When you hear that a little girl was abducted and killed — as we did this past week about Somer Renee Thompson, the Florida 7-year-old who ran ahead of her friends on her walk home from school and was found a few days later in a landfill — it is hard to feel anything other than anguish and rage.
Seeing your kids come through the door feels like a blessing. Hugging them feels like a gift from heaven. Literally. Even if you are not particularly religious, you may feel like running out and sacrificing a ram without blemish, the gratitude is so basic and deep.
With this gratitude comes this resolution: I will do everything humanly possible to make sure my child never suffers that same fate.
The good news is that you almost positively will succeed. The surprising news is that you actually don't have to do anything differently. You don't even have to drive your child to school.
Stranger abductions are so rare that the odds are already overwhelmingly in our favor. Our desire to make kids safer ignores the reality of how safe they already are. We have 1,499,999 chances to keep our children from being the 1 in 1.5 million kidnapped by strangers in America. Somer's case made national and even international news precisely because it is so rare. Better still: It's becoming rarer.
That's according to David Finkelhor, head of the Crimes Against Children Research Center, which tracks and works to prevent violence against kids. "I am of the opinion that these kinds of crimes have declined," he has said, attributing the drop to many things, including better policing, more cell phones, longer prison terms for violent criminals and even the fact that psychiatric drugs are becoming more effective and available.
Knowing all that should make it a little easier to let our kids go outside, but since when has rationality ever dictated parenting decisions? The fact is fewer and fewer children are walking to school. It's down to about 1 in 10 nationally.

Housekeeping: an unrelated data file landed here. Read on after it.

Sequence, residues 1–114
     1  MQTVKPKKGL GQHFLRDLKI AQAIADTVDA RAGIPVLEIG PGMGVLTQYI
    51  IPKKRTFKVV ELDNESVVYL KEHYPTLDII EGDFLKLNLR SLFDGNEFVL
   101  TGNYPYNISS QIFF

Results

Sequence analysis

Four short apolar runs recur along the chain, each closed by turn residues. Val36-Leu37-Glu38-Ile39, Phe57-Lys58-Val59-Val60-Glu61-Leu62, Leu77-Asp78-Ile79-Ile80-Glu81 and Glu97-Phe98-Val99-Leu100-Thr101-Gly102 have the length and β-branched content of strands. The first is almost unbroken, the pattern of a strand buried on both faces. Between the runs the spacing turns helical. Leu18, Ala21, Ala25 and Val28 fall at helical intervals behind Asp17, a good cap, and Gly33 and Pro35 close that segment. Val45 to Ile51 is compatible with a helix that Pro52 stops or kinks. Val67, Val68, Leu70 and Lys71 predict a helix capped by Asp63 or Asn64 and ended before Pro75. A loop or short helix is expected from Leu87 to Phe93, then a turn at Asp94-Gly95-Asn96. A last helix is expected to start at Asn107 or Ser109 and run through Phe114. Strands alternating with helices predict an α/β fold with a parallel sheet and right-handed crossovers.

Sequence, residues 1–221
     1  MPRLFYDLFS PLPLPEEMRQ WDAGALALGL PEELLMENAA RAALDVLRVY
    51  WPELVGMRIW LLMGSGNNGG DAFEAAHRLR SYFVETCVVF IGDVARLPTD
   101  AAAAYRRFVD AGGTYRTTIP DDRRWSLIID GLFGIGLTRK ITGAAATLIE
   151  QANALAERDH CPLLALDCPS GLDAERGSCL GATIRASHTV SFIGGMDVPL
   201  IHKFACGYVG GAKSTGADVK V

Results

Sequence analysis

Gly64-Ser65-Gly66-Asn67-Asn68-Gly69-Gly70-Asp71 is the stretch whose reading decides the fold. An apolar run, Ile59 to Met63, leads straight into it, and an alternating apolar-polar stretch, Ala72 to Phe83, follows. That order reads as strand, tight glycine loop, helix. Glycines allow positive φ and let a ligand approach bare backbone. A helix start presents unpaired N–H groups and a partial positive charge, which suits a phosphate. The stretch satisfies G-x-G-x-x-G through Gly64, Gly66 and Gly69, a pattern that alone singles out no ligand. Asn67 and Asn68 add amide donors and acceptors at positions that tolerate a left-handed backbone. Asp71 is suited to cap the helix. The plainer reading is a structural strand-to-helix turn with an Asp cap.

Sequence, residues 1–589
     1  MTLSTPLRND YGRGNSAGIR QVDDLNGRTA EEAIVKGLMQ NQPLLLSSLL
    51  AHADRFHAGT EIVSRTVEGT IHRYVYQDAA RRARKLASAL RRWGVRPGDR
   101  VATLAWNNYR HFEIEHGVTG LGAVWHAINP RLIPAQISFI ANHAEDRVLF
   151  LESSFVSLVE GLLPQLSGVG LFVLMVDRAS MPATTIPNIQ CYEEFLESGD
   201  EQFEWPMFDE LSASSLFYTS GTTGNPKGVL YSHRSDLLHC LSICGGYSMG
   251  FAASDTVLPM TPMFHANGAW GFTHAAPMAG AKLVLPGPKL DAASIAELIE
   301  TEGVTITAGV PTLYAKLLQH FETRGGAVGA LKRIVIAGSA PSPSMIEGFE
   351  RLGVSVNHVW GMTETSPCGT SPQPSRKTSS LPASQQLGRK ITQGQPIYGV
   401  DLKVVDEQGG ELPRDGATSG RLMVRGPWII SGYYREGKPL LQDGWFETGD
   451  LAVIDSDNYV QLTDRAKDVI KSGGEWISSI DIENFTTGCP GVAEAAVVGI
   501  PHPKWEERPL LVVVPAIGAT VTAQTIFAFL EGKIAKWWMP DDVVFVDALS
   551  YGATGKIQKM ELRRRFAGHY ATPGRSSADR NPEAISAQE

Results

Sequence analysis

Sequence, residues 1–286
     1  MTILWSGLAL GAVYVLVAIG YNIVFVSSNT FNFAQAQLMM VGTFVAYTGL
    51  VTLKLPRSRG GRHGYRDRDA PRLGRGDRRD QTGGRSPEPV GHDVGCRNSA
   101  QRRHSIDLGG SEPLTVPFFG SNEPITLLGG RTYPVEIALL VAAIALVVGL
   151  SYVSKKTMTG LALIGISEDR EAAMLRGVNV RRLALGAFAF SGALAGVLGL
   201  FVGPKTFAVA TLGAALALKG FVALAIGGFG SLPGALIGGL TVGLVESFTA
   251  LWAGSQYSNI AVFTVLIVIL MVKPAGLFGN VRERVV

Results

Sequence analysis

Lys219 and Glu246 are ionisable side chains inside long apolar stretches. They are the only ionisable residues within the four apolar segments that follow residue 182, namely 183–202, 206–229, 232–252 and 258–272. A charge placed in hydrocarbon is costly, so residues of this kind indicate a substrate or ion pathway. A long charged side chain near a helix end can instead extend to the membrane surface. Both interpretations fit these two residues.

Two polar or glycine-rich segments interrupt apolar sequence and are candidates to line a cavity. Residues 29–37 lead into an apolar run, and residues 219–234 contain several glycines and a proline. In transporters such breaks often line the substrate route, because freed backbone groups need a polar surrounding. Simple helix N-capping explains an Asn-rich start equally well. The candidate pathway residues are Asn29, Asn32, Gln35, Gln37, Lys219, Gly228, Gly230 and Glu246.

Across the country, many school districts no longer allow bus drivers to drop children off at stops unless preapproved adults are waiting at them. Other districts have dispensed with bus stops entirely and drop each child off at home. And then there's one school down in Florida where afternoon pickup works this way: Parents in their cars form a single line. No children are allowed outside. As the parent pulls up to the front, a facilitator radios into the school, "Sophia's mom is here!" And Sophia is escorted out to her mother's car.
In light of the Florida abduction, there are many who will say, "If only the little girl's parents had picked her up like that!" But what they won't say is that there is no way to keep our children in complete and utter safety, no matter what we do. Elizabeth Smart was taken from her bedroom. Adam Walsh was with his mom. When we believe only the children of lazy or negligent parents get hurt, we blame the people hurting the most — the parents.
Already there has been a hue and cry against the Thompsons. "They never should have let their kids walk home from school."
This is the same kind of blame we heaped on rape victims up till the '70s. "She never should have walked down that street. She asked for it." It was a facile way to feel safe. "I never would do what she did, so nothing bad ever will happen to me."
Eventually, we realized that was wrong. Nobody asks to be raped. But we haven't realized this yet when it comes to crimes against children.
Somer's parents did nothing wrong. Walking to school is almost always safe, and it's getting safer. But evil, unfortunately, exists, and so does fate, even when we act as if we can control absolutely everything.
We can't. We live in an imperfect world. We do our best; we love our hardest; we train our kids; we hope for the best. We are not wrong to trust the odds, even if we sometimes feel the overwhelming urge to sacrifice a ram.
Lenore Skenazy is the founder of FreeRangeKids.com and author of "Free-Range Kids: Giving Our Children the Freedom We Had Without Going Nuts with Worry." To find out more about Lenore Skenazy ([email protected]) and read features by other Creators Syndicate writers and cartoonists, visit the Creators Syndicate Web page at www.creators.com.